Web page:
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The Honolulu Advertiser
Posted on: Monday, September 9, 2002

Artists use their media to deal with 9/11 grief

 •  Attacks inspired outpouring of musical dreck
 •  Celebrities remember the day that changed so many lives

By Michael Tsai
Advertiser Staff Writer

David Behike's acrylic and wood piece reflects on the disposition of the souls of victims when the planes hit the Twin Towers.
The World Trade Center first appeared to Brendt Berger as a negative space, a hole in the ground he watched getting bigger and bigger each week as he went to collect his unemployment check from an office nearby.

"For four months I saw them digging that huge hole in the ground," Berger says. "A year or so later, the center was complete. It happened very quickly."

And even quicker, it was destroyed, leaving Berger and artists like him to troll their creative depths for ways to express their sense of loss.

"Sept. 11 was a profound influence that affected my life and work in ways I can't yet comprehend," he says. "I felt intimately involved with that building."

Berger was selected to paint a 850-foot-long, 80-foot-wide mural at the base of the center. He completed the Hawaiian-themed mural in 1979 with the help of his wife, local poet Tia Ballentine-Berger.

"The mural was designed to be seen from the upper floors," Berger says. "Walking on it, you had no idea."

Berger held an art show for 50 artists in World Trade Center Building No. 6. He toured the site in a helicopter with one of the principal architects. And when the twin towers collapsed a year ago, the fine dust it produced covered the yard of a Brooklyn property he still owns.

"I was in New York last fall, on a bus from Newark," Berger says. "I looked across and saw this landscape that I didn't recognize. Then I realized I was looking at lower Manhattan. It was such a shock."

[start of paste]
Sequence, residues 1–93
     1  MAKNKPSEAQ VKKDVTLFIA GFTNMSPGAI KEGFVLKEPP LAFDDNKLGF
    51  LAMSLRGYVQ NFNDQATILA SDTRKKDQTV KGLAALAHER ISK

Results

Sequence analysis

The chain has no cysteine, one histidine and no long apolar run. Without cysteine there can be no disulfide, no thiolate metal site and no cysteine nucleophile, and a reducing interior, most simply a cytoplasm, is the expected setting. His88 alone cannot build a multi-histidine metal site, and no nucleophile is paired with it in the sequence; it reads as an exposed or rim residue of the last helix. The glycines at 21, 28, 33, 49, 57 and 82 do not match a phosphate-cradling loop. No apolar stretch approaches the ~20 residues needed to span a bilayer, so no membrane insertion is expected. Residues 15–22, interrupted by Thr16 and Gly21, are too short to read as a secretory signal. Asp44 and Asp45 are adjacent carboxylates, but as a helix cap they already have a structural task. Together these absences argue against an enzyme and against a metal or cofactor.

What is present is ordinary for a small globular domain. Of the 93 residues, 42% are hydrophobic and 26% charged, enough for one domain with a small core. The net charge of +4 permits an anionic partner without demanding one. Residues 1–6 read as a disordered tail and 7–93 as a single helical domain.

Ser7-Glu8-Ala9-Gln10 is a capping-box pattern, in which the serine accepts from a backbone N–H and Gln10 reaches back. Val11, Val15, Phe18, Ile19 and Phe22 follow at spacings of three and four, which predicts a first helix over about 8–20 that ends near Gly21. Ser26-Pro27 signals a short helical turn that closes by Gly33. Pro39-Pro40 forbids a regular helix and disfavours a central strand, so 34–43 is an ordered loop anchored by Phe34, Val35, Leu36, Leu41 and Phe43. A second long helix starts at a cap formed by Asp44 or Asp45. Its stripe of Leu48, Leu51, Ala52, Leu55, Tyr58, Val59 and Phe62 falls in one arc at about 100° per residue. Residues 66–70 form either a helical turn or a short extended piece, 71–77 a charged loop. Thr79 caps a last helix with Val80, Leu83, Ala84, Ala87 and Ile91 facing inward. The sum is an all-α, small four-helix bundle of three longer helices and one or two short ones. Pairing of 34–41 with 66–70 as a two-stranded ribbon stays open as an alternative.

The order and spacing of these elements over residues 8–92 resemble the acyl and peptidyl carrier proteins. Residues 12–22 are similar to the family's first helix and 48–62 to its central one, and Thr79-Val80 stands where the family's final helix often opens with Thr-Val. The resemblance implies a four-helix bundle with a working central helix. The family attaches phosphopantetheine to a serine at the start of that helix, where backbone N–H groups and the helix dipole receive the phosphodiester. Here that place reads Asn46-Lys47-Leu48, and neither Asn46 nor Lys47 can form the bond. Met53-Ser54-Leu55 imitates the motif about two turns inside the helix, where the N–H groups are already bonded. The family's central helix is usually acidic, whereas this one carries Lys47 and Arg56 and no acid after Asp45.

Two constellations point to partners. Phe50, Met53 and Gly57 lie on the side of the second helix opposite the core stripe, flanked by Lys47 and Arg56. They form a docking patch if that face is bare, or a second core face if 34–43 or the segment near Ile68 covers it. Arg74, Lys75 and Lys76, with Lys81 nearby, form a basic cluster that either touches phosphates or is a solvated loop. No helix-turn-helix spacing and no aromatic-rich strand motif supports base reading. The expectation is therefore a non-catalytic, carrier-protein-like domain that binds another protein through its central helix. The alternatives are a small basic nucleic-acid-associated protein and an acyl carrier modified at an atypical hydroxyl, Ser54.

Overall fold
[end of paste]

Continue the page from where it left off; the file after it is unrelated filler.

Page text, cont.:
Back home in his adopted Hawai'i, Berger tapped his creativity for a way to convey the disorientation he experienced that day.

"I wondered what I could do to produce a similar effect," he says.

Lucille Cooper linked historic images of hatred with Sept. 11.
The answer was simple but powerful. Working with a postcard design, Berger rendered a Honolulu landscape minus Diamond Head.

The piece was featured at "Response and Remembrance," an exhibition of Sept. 11-themed art at Kapi'olani Community College's Koa Gallery in January.

Across the country, galleries and other exhibition spaces are hosting a range of artistic responses to Sept. 11. A calendar of Sept. 11-related exhibitions and events compiled by the National Coalition Against Censorship includes more than 70 entries; a cursory Internet search produces hundreds of other exhibitions.

One of the most prominent and warmly received artistic responses to the tragedy was New York's own "Tribute in Light," a commemorative display in which two columns of light were projected upward from a site adjacent to Ground Zero. The display was co-sponsored by the New York-based nonprofit Creative Time and the Municipal Art Society.